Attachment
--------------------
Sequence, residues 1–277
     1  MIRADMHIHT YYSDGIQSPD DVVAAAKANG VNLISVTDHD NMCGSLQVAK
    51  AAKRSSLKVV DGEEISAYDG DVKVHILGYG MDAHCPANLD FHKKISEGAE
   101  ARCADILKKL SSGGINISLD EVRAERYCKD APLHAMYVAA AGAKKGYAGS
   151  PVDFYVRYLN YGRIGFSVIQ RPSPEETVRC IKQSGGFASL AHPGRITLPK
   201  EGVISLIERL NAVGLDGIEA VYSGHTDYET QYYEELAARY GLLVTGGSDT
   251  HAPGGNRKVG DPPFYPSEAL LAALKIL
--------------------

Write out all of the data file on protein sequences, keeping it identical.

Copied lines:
Sequence, residues 1–277
     1  MIRADMHIHT YYSDGIQSPD DVVAAAKANG VNLISVTDHD NMCGSLQVAK
    51  AAKRSSLKVV DGEEISAYDG DVKVHILGYG MDAHCPANLD FHKKISEGAE
   101  ARCADILKKL SSGGINISLD EVRAERYCKD APLHAMYVAA AGAKKGYAGS
   151  PVDFYVRYLN YGRIGFSVIQ RPSPEETVRC IKQSGGFASL AHPGRITLPK
   201  EGVISLIERL NAVGLDGIEA VYSGHTDYET QYYEELAARY GLLVTGGSDT
   251  HAPGGNRKVG DPPFYPSEAL LAALKIL